Could native crop, kangaroo grass, become a regular ingredient in bread and help farmers regenerate land? | Ralph-Lauren

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A native grass once harvested by Indigenous people, but these days more often overlooked as a roadside weed, could form the solution to restoring land exhausted by farming, researchers say.

As a teenager Dylan Male felt helpless as he watched his family struggle through the Millennium drought on their southern New South Wales farm.

“The sheep gathering around dams which had dwindled to no more than a mere puddle and all the crops withering away,” he said.

“As a kid I felt powerless to do anything, but as I grew up I soon realised I could contribute to overcoming the challenges facing our farmers.”

One of those solutions could lie with kangaroo grass, a native species found on roadsides and in paddocks, where it is eaten by livestock.

Once harvested by Indigenous groups, Mr Male said the grass was resistant to prolonged drought as well as extreme changes in temperature and rainfall.

“Many reasons have contributed to this spark in interest in the community, but most notably the greater recognition of Aboriginal food production systems prior to European arrival.”

Mr Male is doing his PhD at La Trobe University in Bendigo and is investigating the agronomy and ecology of Indigenous food plant species.

The project is a partnership with the Dja Dja Wurrung Aboriginal Clans Corporation, which has received a $1.82 million Federal Government grant to research the viability of growing kangaroo grass.

Kangaroo grass looks like a dry grass with little spikes.
Researchers hope Kangaroo Grass could be farmed on a commercial scale.(Supplied)

‘A new food crop’

Dja Dja Wurrung Project Manager Latarnie McDonald is a former agronomist who has helped Mr Male sow several test paddocks in central Victoria.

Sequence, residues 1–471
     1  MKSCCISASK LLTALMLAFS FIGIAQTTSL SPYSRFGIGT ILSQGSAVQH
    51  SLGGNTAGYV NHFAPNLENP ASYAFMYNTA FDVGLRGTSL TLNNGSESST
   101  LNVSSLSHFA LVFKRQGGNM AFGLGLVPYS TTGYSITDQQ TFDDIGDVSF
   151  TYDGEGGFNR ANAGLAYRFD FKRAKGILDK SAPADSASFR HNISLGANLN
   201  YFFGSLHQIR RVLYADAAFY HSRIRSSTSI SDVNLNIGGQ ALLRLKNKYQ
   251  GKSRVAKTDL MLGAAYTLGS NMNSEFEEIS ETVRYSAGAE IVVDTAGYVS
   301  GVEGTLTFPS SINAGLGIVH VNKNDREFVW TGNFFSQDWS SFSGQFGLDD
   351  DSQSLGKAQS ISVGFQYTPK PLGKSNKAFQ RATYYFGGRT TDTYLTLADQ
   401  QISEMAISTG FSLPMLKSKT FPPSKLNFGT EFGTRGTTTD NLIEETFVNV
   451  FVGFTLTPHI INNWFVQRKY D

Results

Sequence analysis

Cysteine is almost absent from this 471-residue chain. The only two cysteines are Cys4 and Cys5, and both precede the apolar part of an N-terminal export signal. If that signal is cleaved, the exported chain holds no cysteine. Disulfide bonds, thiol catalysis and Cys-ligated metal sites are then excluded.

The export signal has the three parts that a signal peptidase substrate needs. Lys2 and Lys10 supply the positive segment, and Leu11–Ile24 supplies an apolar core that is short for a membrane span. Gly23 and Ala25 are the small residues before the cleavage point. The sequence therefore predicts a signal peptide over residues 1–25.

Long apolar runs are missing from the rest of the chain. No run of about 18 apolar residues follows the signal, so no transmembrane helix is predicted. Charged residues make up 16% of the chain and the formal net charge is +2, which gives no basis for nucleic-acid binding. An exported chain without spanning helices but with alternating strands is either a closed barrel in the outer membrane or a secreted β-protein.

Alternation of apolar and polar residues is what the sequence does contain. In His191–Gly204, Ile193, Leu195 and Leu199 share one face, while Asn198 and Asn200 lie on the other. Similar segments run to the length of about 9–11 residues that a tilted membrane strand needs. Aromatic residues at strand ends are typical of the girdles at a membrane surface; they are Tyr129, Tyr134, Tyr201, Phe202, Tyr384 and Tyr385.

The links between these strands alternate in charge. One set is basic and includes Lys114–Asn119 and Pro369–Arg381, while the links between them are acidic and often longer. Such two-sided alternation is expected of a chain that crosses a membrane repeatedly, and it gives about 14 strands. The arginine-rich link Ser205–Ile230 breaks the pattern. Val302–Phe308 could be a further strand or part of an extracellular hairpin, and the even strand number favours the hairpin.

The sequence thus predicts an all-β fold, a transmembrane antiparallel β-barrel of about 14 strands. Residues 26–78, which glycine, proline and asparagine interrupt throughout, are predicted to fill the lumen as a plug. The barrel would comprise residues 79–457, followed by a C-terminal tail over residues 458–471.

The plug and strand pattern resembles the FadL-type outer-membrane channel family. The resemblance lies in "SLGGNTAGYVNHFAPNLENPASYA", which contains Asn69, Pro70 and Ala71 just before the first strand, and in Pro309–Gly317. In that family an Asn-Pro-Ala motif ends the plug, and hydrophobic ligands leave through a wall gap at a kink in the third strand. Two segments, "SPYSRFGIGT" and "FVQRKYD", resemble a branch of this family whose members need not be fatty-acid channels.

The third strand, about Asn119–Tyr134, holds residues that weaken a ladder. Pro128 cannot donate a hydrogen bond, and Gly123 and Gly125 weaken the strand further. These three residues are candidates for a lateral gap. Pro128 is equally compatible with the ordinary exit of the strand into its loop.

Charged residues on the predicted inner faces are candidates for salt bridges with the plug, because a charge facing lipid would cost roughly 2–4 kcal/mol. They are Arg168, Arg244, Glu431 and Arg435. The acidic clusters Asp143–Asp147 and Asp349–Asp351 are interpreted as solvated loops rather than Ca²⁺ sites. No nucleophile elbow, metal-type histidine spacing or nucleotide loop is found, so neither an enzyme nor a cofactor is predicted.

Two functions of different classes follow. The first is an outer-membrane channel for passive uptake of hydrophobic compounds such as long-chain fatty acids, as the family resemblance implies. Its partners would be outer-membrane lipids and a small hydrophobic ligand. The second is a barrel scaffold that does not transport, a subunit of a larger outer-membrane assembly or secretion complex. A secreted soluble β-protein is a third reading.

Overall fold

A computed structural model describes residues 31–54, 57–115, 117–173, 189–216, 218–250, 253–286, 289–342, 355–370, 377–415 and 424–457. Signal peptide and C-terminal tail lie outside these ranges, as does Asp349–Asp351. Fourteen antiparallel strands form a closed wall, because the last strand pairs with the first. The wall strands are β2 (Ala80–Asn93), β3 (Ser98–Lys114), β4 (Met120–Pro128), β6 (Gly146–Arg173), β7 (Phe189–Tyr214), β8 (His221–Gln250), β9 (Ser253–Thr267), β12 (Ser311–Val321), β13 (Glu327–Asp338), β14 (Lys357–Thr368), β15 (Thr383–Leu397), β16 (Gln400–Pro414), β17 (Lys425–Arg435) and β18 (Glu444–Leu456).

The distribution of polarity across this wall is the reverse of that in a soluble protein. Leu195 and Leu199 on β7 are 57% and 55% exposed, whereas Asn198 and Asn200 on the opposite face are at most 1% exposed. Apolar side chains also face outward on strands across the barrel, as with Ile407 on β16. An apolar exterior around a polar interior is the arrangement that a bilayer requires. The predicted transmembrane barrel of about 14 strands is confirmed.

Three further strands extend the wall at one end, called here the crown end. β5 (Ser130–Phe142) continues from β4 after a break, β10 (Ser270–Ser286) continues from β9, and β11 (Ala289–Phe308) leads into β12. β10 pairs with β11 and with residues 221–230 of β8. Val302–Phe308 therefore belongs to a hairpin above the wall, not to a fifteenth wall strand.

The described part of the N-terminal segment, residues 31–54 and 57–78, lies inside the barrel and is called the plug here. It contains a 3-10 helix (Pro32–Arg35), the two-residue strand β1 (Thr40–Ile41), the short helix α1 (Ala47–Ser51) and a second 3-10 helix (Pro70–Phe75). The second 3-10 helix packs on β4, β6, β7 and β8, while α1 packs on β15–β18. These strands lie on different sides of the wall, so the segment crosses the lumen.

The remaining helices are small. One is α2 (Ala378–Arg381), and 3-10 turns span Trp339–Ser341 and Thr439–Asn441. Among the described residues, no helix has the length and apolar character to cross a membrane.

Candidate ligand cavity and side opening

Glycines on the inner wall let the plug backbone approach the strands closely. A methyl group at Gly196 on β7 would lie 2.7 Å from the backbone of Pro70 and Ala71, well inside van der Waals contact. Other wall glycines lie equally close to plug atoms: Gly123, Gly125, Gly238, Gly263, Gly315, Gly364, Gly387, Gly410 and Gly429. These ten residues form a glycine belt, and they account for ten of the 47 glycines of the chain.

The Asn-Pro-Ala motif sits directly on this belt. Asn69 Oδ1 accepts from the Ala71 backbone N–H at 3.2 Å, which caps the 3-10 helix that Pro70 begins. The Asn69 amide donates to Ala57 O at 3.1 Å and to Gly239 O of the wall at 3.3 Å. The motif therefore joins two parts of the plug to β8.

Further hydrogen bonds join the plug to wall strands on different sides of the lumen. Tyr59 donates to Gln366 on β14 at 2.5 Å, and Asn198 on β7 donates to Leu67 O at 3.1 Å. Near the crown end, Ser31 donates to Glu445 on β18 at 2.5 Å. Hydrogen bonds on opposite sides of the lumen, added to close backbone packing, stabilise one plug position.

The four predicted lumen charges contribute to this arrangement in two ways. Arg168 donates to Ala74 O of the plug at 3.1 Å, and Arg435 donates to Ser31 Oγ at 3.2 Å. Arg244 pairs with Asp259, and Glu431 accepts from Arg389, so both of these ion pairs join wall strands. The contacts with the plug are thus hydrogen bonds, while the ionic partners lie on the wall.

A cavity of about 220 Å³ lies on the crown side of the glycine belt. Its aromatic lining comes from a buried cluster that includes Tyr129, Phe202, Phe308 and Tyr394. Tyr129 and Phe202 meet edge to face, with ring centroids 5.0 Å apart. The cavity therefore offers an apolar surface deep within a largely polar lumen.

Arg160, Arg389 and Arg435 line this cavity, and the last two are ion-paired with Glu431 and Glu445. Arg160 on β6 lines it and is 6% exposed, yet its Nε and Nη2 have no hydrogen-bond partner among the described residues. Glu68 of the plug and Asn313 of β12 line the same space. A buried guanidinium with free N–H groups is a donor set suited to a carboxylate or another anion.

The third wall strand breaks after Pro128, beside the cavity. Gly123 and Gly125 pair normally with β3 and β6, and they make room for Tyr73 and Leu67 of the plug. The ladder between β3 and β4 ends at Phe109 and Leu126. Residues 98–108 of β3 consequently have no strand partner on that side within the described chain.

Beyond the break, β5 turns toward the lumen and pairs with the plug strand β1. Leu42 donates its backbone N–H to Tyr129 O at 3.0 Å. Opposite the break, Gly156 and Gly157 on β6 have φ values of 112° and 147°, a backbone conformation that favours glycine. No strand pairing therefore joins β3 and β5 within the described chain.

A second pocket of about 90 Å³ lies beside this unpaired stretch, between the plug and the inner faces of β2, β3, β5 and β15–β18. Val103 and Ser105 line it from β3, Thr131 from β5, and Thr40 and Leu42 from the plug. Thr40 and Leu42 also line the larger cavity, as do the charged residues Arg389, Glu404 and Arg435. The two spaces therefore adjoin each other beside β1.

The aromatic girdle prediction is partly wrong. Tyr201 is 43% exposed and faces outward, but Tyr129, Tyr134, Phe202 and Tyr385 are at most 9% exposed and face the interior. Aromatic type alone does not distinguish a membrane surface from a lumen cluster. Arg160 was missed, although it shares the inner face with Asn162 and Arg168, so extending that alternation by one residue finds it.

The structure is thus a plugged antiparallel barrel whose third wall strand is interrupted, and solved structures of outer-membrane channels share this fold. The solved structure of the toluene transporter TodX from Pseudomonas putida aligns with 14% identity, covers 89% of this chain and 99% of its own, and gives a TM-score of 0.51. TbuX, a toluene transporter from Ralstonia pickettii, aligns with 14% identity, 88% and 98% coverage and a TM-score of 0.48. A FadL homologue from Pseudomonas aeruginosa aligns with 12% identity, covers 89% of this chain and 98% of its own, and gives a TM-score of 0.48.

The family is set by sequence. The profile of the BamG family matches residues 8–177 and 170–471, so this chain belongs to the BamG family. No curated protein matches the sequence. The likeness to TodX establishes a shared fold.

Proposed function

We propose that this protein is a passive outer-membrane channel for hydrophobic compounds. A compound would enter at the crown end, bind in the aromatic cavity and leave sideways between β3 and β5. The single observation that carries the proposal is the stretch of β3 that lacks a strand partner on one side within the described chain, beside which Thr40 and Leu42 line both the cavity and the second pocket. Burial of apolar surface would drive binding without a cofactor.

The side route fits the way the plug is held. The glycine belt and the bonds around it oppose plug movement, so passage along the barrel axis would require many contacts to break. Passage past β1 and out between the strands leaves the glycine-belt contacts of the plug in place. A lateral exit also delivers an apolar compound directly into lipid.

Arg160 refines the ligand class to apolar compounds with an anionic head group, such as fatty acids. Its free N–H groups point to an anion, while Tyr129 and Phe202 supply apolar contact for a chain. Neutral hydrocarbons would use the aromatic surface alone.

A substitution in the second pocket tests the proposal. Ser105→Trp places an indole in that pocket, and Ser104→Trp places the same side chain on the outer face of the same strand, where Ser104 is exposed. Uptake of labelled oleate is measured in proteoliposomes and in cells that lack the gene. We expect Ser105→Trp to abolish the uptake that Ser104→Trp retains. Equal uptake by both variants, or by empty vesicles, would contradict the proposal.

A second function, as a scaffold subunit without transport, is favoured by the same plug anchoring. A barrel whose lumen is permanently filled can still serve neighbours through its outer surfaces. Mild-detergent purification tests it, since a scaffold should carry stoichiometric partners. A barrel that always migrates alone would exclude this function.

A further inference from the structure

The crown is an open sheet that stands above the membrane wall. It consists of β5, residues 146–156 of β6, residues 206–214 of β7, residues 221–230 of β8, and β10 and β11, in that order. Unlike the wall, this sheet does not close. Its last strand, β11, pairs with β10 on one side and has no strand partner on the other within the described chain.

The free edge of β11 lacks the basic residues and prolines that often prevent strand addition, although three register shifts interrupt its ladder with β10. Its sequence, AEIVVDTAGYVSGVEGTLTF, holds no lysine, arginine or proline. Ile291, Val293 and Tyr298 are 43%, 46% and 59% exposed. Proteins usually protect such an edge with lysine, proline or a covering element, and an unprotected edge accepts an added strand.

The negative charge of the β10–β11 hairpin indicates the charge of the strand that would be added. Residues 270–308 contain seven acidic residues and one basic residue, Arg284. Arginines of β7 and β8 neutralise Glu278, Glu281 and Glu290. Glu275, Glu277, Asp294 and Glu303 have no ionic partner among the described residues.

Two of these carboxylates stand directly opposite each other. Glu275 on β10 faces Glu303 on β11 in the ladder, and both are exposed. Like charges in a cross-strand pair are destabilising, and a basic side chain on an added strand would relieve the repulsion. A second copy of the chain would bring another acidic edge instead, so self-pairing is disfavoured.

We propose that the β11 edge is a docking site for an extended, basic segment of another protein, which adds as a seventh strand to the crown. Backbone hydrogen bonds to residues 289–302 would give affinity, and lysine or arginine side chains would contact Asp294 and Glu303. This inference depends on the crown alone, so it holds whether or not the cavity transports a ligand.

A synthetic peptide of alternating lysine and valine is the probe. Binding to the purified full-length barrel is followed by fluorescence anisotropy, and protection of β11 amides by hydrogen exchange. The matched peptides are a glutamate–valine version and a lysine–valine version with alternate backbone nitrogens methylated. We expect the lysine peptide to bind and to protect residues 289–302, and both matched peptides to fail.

“Kangaroo Grass is fascinating, as it’s perennial,” Ms McDonald said.

“We’re going out into the field and sampling tussocks of kangaroo grass that are thought to be well over 50 years old, if not older, and when you think of Australian agriculture, you’d be hard pressed to find one grass that has been alive for over 50 or 100 years.”

The project will run over the next four years and Ms McDonald said the goal is to eventually see kangaroo grass become a regular food source that is grown on a commercial scale.

“The ultimate goal is that we build actually an agronomy package,” she said.

“So we can grow kangaroo grass on existing farms and contract grow that with other farmers and then produce lots of seed grain to restore grasslands that are degraded.”

The “ultimate goal”, Ms McDonald said, was to produce “a new food crop.”

A close up photograph of Kangaroo Grass growing wild.
Kangaroo Grass growing wild in Victorian grassland.(Source: Benjamin Healley (Museum Victoria))

The project team hoped the product could become a regular ingredient in foods like bread, cakes and biscuits.

“I really like the taste,” Ms McDonald said.

“Earlier research has found Kangaroo Grass has about 40 per cent more protein than your traditional used in bread.”

The Dja Dja Wurrung Aboriginal Clans hoped that the grass could contribute to the healing of the land if it was produced on a large scale.

“Kangaroo grass forms a really dense tussock and its leaves bend outwards and protect the soil,” Ms McDonald said.

“It creates its own ecosystem.

“It helps to conserve more moisture and therefore you get a whole abundance of live that comes with that, like native insects and invertebrates.”

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